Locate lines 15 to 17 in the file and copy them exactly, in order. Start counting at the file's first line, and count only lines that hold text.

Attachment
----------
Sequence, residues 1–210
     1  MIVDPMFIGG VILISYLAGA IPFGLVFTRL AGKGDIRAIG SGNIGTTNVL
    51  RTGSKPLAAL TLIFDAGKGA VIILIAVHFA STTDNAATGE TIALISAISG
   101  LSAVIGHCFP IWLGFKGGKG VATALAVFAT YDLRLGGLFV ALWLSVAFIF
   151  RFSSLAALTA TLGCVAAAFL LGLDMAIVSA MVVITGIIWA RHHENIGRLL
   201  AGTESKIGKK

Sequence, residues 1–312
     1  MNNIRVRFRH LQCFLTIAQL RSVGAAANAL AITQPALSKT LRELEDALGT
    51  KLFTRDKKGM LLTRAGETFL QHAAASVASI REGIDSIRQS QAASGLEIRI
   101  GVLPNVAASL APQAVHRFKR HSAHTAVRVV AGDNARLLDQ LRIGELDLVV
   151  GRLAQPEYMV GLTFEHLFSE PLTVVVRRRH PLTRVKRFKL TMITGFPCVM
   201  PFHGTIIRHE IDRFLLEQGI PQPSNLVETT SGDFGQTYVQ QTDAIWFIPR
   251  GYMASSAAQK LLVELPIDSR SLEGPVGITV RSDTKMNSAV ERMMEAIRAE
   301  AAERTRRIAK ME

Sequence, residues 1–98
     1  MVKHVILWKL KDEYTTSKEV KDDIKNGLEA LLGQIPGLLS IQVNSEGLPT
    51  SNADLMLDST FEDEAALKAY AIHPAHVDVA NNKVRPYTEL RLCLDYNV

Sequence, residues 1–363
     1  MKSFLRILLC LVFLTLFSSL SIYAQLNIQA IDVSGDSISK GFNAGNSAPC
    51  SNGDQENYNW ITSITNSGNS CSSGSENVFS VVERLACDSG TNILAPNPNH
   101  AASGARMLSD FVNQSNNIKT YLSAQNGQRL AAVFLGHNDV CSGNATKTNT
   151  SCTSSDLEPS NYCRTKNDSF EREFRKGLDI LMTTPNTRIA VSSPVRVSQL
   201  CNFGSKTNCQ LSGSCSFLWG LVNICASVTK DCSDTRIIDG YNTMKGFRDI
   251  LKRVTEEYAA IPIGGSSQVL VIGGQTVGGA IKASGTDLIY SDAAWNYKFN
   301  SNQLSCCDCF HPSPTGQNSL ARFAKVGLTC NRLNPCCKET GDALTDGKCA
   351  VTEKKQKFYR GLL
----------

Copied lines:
Sequence, residues 1–98
     1  MVKHVILWKL KDEYTTSKEV KDDIKNGLEA LLGQIPGLLS IQVNSEGLPT
    51  SNADLMLDST FEDEAALKAY AIHPAHVDVA NNKVRPYTEL RLCLDYNV